Saturday Showcase: Matt McNamara

With the 2020 season postponed, the Petes will be showcasing how our players are handling the pandemic and preparing for their on-ice return.  

Part three of this series features fourth-year Peterborough native, Matt McNamara. McNamara has held the blue line for the Petes across 168 games and previously spent two seasons with the Lindsay Muskies from 2015-17. Throughout this interview, the defenceman sheds light on the reality of a cancelled season and shares his advice for his younger teammates.

Blaind: What has your experience been like playing for your hometown team?

Mac and Gainey
McNamara (red) with brother and uncle Bob Gainey

McNamara: It’s been amazing! Not a lot of people get the opportunity to grow up in a town and play for their home team in the OHL. I was lucky enough to play four years now and it’s been quite an experience. Having my family, friends and everyone in Peterborough around me supporting me at games. It’s awesome!

Blaind: Your great uncle, Bob Gainey, also played for the Petes. What kind of insight did he give you into the team and league?

McNamara: We talked a few times especially when he got hired onto the board. I’ve seen him a couple of times around the rink so we’ve shared a couple of words together but other than that he just said that when he played here he enjoyed it.

Blaind: When growing up in Peterborough, what Petes players did you look up to? 

McNamara: I think as a kid growing up in Peterborough, the Petes were everything to me. Being able to go to the games and having the players right there in front of you is amazing. Growing up being a big hockey fan knowing the Petes and the organization, it was a goal of mine to reach the OHL and play. I never even thought in my head that one day I would be able to play for the Petes. There were never any players that I truly looked up to but I met Jordan Staal after a game on the ice so that was a pretty special moment. All other players were a spotlight for me as a kid to look up to and hopefully, now there are kids that look up to me and my team.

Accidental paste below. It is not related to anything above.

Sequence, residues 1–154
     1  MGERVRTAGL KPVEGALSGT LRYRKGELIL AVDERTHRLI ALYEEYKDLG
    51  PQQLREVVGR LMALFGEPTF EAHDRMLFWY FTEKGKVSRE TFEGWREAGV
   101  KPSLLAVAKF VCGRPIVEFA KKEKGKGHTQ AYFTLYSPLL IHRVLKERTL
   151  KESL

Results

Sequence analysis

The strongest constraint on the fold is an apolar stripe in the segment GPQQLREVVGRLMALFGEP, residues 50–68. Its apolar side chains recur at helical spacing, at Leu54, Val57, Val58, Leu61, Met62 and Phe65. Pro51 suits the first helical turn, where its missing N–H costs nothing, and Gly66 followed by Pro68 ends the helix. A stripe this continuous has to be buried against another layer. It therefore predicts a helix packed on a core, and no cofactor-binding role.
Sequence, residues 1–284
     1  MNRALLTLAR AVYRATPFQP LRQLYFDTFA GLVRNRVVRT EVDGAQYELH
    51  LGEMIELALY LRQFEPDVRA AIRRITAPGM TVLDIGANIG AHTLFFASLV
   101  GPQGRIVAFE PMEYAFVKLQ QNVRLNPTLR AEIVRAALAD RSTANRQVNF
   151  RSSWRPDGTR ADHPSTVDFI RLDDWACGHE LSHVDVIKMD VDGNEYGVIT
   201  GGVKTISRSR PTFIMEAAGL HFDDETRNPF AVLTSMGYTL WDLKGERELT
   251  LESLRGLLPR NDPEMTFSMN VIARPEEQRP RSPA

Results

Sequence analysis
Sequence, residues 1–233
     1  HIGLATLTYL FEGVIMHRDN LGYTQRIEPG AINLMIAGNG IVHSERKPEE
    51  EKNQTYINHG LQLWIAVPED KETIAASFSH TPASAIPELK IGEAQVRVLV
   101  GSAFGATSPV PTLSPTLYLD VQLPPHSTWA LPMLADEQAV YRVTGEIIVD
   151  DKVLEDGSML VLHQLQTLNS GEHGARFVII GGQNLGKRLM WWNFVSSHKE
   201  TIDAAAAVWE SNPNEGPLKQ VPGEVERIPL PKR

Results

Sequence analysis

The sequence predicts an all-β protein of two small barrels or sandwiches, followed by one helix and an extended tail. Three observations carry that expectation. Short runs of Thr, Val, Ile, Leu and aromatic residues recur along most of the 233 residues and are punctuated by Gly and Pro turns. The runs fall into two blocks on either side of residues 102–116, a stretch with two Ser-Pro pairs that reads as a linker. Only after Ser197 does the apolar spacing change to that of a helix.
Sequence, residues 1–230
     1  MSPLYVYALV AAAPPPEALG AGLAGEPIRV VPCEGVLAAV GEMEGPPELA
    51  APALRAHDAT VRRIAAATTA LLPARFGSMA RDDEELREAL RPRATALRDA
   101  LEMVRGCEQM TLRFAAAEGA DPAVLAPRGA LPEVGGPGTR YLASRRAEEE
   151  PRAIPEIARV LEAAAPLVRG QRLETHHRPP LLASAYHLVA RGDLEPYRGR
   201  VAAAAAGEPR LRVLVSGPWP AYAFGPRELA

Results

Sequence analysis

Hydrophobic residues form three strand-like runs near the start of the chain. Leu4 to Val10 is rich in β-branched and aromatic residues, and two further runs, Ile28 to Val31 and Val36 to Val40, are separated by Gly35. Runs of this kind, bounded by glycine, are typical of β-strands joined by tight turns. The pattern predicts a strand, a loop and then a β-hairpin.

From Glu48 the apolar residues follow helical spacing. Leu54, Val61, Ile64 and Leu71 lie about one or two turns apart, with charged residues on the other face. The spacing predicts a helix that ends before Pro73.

Blaind: You’re about to enter your fourth year with the team, what have you learned and how have you grown with the organization?

McNamara: I think I’ve grown a lot on the ice and off the ice. Coming onto the team as a 16-year-old you don’t really know what to expect but I’ve been a part of a lot of great teams and great groups of guys so I think that really helped me on the ice. The coaches have helped me off the ice by doing community events and going around Peterborough to meet fans. It has really made me grow as a person and it has helped me move forward with my life. 

Blaind: What have you learned from the older guys on the team, when you first transitioned from the Muskies in 2017?

McNamara: The older guys were huge. The little details they put into practice and the training that they do every day was something coming in that you don’t necessarily do or think about. Once you get to the elite level of the OHL, you really have to put your time in and perfect your craft as much as possible because it is your job and a lot of people are looking at you to perform every day and night on the ice. The older guys said it goes by super fast. I can tell you now that they weren’t lying. It feels like yesterday when I was starting and now I’m going into my final year so it’s pretty crazy. So they just said, ‘enjoy the moment, learn from your mistakes and just develop as much as possible on and off the ice.’ I think I’ve done that and they have helped a lot along the way.